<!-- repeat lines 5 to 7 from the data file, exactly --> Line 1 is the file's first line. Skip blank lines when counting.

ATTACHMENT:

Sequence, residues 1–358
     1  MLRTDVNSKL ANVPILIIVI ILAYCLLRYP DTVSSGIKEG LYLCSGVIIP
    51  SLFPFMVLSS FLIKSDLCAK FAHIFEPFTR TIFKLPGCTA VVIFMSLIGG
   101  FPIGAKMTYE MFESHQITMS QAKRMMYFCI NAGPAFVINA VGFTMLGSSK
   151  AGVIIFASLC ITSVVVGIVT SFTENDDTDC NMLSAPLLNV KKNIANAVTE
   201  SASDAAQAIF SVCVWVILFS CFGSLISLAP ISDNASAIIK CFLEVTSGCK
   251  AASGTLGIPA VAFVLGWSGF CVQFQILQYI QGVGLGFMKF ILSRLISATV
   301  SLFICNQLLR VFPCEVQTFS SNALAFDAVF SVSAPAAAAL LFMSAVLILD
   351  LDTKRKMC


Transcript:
   151  AGVIIFASLC ITSVVVGIVT SFTENDDTDC NMLSAPLLNV KKNIANAVTE
   201  SASDAAQAIF SVCVWVILFS CFGSLISLAP ISDNASAIIK CFLEVTSGCK
   251  AASGTLGIPA VAFVLGWSGF CVQFQILQYI QGVGLGFMKF ILSRLISATV